Q&A with Former Olympic Race Walker Tim Berrett

Q&A with Former Olympic Race Walker Tim Berrett


Tim Berrett Cover-01Former Olympic race walker Tim Berrett has been competing internationally for Canada for over 25 years. During that time, he has competed in several Olympic and Commonwealth Games. He retired from international after the 2008 Beijing Olympics, and resides in Edmonton. With races that lasted up to 50 kilometres, we sat down with Tim to discuss his love for the sport, his training regime as an Olympian, and how he still maintains WELLNESS in his life.

Q: You have been competing internationally for over 25 years, what got you interested in race walking in the first place?

A: I started in high school in England … I had competed in all other events in track and field and members of our school team were asked to either participate or volunteer at the county championships for race walking. The course went past my front door, so I had no excuse other than to attend. I chose to give the event a try rather than stand on a corner and direct my teammates!

Q: Did you compete in other sports before trying race walking?

A: Yes, I was very active in a number of sports while growing up. I have participated in all events in track and field, including the pole vault and hammer throw! I also played rugby, soccer, and cricket (I grew up in England), as well as swimming, cycling, and golf. Since moving to Canada in 1987, I’ve also participated in cross-country skiing and triathlon

“Athletes in all sports at the highest level must have the ability to push their physical and mental limits.”

Q: Being an Olympian is no easy task, what did your daily training consist of when you prepared for a race?

A: I retired from competition after the 2008 Olympics. But when I was in training, I would cover up to 200km in a week, averaging 30km a day with a ‘rest day’ each week. This would be either a single training effort (up to 40km) or split into two workouts with varying distances and intensity. In addition, I would do strength training with weights up to three days a week, with mobility and stretching exercises daily.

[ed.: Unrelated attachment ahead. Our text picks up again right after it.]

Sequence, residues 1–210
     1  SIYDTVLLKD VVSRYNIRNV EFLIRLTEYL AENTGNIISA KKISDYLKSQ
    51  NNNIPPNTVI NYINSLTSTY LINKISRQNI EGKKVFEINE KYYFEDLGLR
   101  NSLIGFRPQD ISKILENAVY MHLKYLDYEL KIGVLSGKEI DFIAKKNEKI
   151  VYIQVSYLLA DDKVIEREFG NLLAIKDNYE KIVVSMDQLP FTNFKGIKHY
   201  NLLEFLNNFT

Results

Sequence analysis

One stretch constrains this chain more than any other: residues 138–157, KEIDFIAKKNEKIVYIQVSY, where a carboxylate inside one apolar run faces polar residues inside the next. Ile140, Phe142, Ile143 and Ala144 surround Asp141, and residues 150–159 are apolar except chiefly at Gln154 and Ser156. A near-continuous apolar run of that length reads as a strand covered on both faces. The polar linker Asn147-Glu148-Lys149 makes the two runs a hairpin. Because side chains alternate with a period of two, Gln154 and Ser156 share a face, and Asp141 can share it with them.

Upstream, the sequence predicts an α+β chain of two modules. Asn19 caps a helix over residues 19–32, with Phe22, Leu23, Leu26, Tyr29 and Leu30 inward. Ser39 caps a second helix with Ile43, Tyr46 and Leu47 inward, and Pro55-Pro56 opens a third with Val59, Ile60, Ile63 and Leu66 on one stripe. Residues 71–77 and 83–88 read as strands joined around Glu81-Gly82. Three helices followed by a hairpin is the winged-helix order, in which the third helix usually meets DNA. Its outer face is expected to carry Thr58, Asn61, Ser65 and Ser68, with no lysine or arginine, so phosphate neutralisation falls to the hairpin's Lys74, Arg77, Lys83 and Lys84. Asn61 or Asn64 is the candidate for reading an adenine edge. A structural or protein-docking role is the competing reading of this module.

Q: What is the hardest part of race walking?

A: There are a number of different aspects to the sport that are difficult. Race walkers must not only push their limits physically, but have to ensure that their form and technique are sound throughout a race in order to pass the scrutiny of the judges. The event and its judging are often misunderstood by the casual observer and the training can be lonely.

Q: How do you maintain your focus over a 50-kilometre race?

A: Although the event lasts between 3 1/2 and 4 hours (depending on racing conditions), the athlete always has something to think about while racing. Maintaining good technique is important, not just to pass the judges’ eyes, but also to ensure economy of effort and that requires constant concentration. Athletes also have a fluid replacement plan for the race to ensure that they avoid dehydration and this can change during the race depending on conditions.

Q: How does the discipline in race walking relate to the rest of your life?

A: Athletes in all sports at the highest level must have the ability to push their physical and mental limits in order to endure the training and competition stresses. Outside of sport, athletes can be relentless in the pursuit of excellence, and will persevere until they find success in whatever task they are attempting.

“The event and its judging are often misunderstood by the casual observer.”

Q: What other methods do you employ to maintain overall wellness in your life?

A: Now that I no longer compete, I try to stay active and eat a healthy, balanced diet… having children who are active in several sports ensures that we are never sedentary, and having a dog ensures that I get out every day to exercise both him and myself – otherwise the whole family suffers with the mischief that he gets up to.

Photos courtesy of James Aldridge


Leave a Reply